Amnesty International recently released a report alleging that supply chains for production of palm oil—a common ingredient in many consumer products—are tainted by forced and child labor. In the nearly 150-page report titled “The Great Palm Oil Scandal: Labour Abuses Behind Big Brand Names,” Amnesty International accuses several major brand-name consumer goods companies of sourcing palm oil from suppliers that operate plantations where the alleged abuses took place.

The report has already received substantial media attention, including articles published by Forbes, The Washington Post, Reuters and Yahoo News. Although the accuracy of the report’s assertions have not been tested, it nonetheless emphasizes the growing importance of proper diligence in supply chain management and compliance with associated legal obligations for a company’s disclosures about its supply chain practices.Continue Reading Palm Oil Supply Chain Abuses Reported by Amnesty International: Steps to Mitigate Legal Risk

Brazil v. Dole Packaged Foods, LLC, No. 14-17480 (9th Cir.):  In an unpublished decision, the Ninth Circuit reversed the district Court’s dismissal on summary judgment of Plaintiff’s claims under the UCL, FAL, and CLRA, but upheld the district Court’s denial of class certification in this closely watched case alleging that the use of the

Fonseca v. Goya Foods, Inc., No. 5:16-cv-02559 (N.D. Cal.): The Court entered an order granting in part Defendant’s motion to dismiss this putative class action for breach of express and implied warranties, breach of the implied warranty of fitness, unjust enrichment, and violations of California’s CLRA, UCL, FAL, negligent misrepresentation, and fraud, which alleged that

Torrent v. Ollivier, et al., No. 2:15-cv-02511 (C.D. Cal.): The Court entered an order granting in part Defendant’s motion to dismiss this putative class action for violations of California’s CLRA and UCL, which alleged that Defendants falsely advertised that its goji berries were harvested from the Himalayas, when they, in fact, came from the

Yesterday lawmakers on the Senate Agriculture Committee reached a bipartisan agreement to require labeling of foods with genetically engineered ingredients.  The law would set a mandatory national system for disclosure on food products and will preempt states from enacting their own labeling standards regarding genetically engineered food products.
Continue Reading National GMO Labeling Standard on the Horizon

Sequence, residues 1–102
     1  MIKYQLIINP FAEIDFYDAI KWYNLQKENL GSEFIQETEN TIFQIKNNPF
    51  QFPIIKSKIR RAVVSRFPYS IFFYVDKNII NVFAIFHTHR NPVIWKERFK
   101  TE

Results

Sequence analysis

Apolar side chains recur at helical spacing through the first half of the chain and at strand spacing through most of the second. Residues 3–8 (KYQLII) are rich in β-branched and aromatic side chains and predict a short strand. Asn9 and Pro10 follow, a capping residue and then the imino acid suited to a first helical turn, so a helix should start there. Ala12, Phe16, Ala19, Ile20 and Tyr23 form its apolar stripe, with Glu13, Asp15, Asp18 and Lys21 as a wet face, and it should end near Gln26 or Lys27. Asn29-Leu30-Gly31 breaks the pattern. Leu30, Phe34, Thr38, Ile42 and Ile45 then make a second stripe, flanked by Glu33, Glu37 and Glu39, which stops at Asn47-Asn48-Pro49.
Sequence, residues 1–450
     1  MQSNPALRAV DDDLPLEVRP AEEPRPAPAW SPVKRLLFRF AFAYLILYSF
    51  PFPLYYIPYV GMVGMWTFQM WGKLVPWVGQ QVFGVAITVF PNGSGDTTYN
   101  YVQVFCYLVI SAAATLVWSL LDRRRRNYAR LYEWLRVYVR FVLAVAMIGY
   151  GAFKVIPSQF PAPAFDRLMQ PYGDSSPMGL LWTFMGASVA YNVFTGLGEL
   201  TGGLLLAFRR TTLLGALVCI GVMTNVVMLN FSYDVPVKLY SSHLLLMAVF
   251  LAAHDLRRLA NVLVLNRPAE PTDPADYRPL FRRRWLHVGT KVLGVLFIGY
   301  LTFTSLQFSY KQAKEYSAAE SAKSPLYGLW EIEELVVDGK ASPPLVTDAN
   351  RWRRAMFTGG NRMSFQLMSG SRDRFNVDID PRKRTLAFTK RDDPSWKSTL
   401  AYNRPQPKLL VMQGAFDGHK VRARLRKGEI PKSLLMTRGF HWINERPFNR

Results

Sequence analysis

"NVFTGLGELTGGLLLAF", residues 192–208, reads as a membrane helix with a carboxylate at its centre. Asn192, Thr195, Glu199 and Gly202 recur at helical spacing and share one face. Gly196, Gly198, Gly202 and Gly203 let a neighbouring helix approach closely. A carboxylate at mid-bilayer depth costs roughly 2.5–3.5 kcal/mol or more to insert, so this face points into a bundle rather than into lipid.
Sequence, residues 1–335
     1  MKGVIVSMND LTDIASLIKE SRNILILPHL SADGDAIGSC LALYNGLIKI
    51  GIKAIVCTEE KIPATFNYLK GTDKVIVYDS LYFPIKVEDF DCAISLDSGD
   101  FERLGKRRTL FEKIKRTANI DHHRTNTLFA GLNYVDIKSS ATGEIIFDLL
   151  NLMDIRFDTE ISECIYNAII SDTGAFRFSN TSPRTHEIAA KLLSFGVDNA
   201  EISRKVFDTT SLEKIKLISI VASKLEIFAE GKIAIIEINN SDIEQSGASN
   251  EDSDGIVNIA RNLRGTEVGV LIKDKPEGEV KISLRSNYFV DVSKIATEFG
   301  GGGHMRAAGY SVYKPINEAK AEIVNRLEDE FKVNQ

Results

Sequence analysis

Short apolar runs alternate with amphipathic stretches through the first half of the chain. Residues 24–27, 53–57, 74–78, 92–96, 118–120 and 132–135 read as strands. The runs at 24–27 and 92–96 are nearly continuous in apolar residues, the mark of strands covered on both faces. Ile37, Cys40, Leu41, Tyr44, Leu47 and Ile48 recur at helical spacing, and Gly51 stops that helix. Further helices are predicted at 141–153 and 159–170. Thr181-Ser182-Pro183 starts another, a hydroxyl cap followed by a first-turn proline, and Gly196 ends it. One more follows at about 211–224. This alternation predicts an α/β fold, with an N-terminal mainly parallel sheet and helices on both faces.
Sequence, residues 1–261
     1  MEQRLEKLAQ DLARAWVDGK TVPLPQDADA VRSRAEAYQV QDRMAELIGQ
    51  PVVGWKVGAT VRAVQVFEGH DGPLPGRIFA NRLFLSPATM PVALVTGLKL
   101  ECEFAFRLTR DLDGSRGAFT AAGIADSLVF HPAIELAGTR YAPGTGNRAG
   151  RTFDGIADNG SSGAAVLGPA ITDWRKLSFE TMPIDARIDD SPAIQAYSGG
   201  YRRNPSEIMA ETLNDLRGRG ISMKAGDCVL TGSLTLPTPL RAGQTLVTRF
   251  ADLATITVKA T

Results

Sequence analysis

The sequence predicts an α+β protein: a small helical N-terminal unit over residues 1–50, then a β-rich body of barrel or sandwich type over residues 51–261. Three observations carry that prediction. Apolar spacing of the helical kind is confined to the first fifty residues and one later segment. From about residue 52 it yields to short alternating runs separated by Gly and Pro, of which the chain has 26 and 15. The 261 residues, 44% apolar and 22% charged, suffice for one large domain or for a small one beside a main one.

On June 16, 2016, Evan Parent’s claims fell flat for the second time in a closely watched consumer class action alleging that MillerCoors falsely represents that Blue Moon beer is brewed by a small, independent microbrew.

In October 2015, U.S. District Judge Gonzalo P. Curiel dismissed Parent’s original complaint accusing MillerCoors of deceptively representing Blue Moon beer as a “craft beer” on the basis that California’s safe harbor exception to its consumer protection laws applied to claims alleging that MillerCoors’ hid its ownership of Blue Moon by not including its name on the bottle or outer packaging of the beer.Continue Reading Perkins Coie Crafts Victory for MillerCoors

Consumer Advocacy Grp. v. Olivier Napa Valley, Inc. et al, No. BC580857 (Cal. Super. Ct. – Los Angeles County):  The Court granted Plaintiff’s unopposed motion for entry of consent judgment in this Proposition 65 action alleging that Defendants’ raspberry balsamic vinegar products contain lead. The terms of the settlement are: (1) Defendant is permanently enjoined

Saeidian v. The Coca Cola Co., No. 2:09-cv-6309 (C.D. Cal.): Plaintiff filed an unopposed motion for preliminary approval of class action settlement in this putative class action alleging violations of California’s UCL and FAL, based on the allegation that Defendant’s Minute Maid brand juice products were deceptively marketed as containing primarily blueberry and pomegranate

McGee v. Diamond Foods, Inc., No. 3:14-cv-2446 (S.D. Cal.): In a putative class action alleging claims under California’s UCL, public nuisance, and breach of implied warranty based on the contention that the use of PHOs in popcorn products is inherently unfair, the Court granted Defendant’s motion to dismiss without prejudice.

With respect to Plaintiffs’ Article III standing, the Court held that Plaintiff lacked standing because she had not alleged a current or credible threat of physical injury. The Court also found that the complaint did not sufficiently allege a credible threat of future harm because Plaintiff failed to show how consuming the popcorn products “once every two or three months over three years” would substantially increase her risk of any disease let alone a probability that the harm would be substantial.  With respect to economic harm, the Court found Plaintiffs allegations insufficient, holding that the purchase of a product that is “less healthy than expected” is not a sufficient economic injury.  The Court further held that Plaintiff received the benefit of her bargain by consuming the popcorn and that Plaintiff’s case was distinguishable from the authority she cited because she had not alleged that the labeling on the products deceived her in any way and did not allege that she would have purchased an alternative product but for Defendants’ representations.
Continue Reading Court Grants Motion to Dismiss in PHO Popcorn Case

Bassolino v. Whole Foods Group Inc., No. 1:15-cv-6046 (S.D.N.Y.): The Court granted Defendant’s motion to dismiss this consolidated class action that followed the heels of an investigation by the New York City Department of Consumer Affairs (“DCA”). Plaintiffs asserted violations of New York’s GBL and Executive Law and raised claims of unjust enrichment and